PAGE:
The federal False Claims Act (“FCA”) states that any person who knowingly submits a false claim to the government will be liable for treble damages and penalties ranging from $5,000 to $10,000. See 31 U.S.C. § 3729. Importantly, the foregoing damages and penalties are for each false claim. The FCA also allows for citizens, or “whistleblowers,” to file a “qui tam” action on behalf of the government should they become aware of any FCA violations. If the government is awarded damages, then the whistleblower is entitled to a percentage of that recovery. See 31 U.S.C. § 3730. In the world of health care, this holds true for any providers and/or entities that submit false claims for reimbursement under Medicare and Medicaid. It should be noted that the meaning of the term “false” is not limited to intentional misconduct when submitting claims for payment. For example, the failure to timely return overpayments can lead to those claims being deemed “false” and services provided in violation of the Anti- Kickback Statute are also deemed “false” claims for this purpose.
Recently, the U.S. Department of Justice (“DOJ”) has been particularly focused on identifying FCA actions against nursing homes for allegedly failing to deliver adequate care to their residents. This began on March 3, 2020, with an official announcement unveiling the DOJ’s National Nursing Home Initiative by Attorney General William Barr. See “Department of Justice Launches a National Nursing Home Initiative” Press Release. This initiative aimed to “coordinate and enhance civil and criminal efforts to pursue nursing homes that provide grossly substandard care to their residents.” Id. DOJ is investigating the followings factors to identify the “most problematic” nursing homes:
- Consistent failure to provide adequate nursing staff;
- Failure to adhere to basic protocols of hygiene and infection control;
- Failure to provide their residents with enough food;
- Withholding pain medication; or
- Use of physical or chemical restraints to restrain or otherwise sedate their residents. See id.
Furthermore, some observers suggest that the DOJ may be after homes that allegedly provide what is known as “worthless services.” See William Harrington et al., Next for America’s Nursing Homes: A Legal Pandemic, New York Law Journal (June 29, 2020). “Worthless services” occur where the services provided are so inadequate that they render any claims for Medicare/Medicaid as false because they provide no value to government. Id. Simply put, “[i]n a worthless services claim, the performance of the service is so deficient that for all practical purposes it is the equivalent of no performance at all.” See Mikes v. Straus, 274 F.3d 687, 703 (2d Cir. 2001). Moreover, it must be shown that the defendant did more than merely provide services that are worth an amount less than the services paid for. United States ex rel. Absher v. Momence Meadows Nursing Ctr., Inc., 764 F.3d 699, 710 (7th Cir. 2014). In other words, a “diminished value” of services will not satisfy this worthless services standard. Id. “Services that are ‘worth less’ are not worthless.” Id.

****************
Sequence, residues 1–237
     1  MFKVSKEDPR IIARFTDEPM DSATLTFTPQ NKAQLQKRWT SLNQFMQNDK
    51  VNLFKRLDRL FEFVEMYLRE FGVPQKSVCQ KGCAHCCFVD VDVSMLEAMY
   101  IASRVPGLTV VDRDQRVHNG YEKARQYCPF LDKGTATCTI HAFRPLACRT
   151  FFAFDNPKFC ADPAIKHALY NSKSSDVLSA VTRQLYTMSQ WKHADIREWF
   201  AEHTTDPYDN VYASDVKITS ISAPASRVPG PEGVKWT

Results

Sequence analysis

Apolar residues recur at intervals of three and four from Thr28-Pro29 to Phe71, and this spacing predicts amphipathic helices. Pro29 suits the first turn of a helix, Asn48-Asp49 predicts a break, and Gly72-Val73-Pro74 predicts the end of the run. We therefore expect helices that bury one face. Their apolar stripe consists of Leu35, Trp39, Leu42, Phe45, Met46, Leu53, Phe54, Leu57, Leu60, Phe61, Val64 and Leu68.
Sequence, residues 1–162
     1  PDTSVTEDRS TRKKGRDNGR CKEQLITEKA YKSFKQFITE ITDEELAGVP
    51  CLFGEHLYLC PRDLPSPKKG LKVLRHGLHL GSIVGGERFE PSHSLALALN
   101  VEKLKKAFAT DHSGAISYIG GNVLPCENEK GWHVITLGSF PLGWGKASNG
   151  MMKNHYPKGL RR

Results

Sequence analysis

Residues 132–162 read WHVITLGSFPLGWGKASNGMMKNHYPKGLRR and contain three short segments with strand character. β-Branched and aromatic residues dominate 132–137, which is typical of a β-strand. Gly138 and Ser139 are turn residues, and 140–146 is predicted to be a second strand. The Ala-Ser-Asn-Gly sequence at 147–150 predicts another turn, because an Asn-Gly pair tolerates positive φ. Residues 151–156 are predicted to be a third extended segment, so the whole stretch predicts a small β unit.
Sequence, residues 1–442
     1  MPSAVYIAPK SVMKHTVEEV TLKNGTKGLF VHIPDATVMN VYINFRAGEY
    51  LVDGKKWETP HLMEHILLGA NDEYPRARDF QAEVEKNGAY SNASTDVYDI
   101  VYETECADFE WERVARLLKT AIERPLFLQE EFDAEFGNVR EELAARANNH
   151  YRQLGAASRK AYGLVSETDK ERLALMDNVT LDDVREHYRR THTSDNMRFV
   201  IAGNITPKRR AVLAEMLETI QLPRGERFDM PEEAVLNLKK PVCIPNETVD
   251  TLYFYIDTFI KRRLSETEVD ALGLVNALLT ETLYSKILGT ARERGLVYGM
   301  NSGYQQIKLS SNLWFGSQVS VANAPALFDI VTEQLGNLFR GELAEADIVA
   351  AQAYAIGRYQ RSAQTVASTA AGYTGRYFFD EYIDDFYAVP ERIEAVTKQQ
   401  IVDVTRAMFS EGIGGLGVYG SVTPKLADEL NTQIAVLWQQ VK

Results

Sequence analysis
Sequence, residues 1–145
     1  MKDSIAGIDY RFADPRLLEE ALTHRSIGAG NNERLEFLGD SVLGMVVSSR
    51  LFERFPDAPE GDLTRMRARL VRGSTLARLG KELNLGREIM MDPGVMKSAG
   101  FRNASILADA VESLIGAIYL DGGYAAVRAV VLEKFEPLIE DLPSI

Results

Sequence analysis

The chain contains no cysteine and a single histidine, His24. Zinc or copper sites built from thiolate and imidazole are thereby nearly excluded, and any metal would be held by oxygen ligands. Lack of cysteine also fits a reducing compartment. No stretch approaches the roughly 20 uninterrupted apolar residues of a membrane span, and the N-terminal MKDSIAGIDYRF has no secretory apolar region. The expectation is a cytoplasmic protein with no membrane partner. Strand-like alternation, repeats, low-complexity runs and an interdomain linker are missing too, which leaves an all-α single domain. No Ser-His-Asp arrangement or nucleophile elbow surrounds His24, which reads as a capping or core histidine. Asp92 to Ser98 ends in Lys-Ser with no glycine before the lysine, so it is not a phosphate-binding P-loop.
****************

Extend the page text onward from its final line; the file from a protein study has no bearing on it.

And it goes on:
In one case based in Tennessee, an action was filed against several of Vanguard Healthcare’s companies for allegedly providing services that were so grossly substandard as to be considered “worthless.” See “Vanguard Healthcare Agrees to Resolve Federal and State False Claims Act Liability” Press Release. There were several allegations made against five of Vanguard’s nursing homes including, among other claims, failure to administer prescribed medications, failure to provide appropriate infection control measures, and the submission of hundreds of preadmission forms containing forged provider signatures. See id. Ultimately, Vanguard agreed to pay more than $18 million to resolve these claims. See id.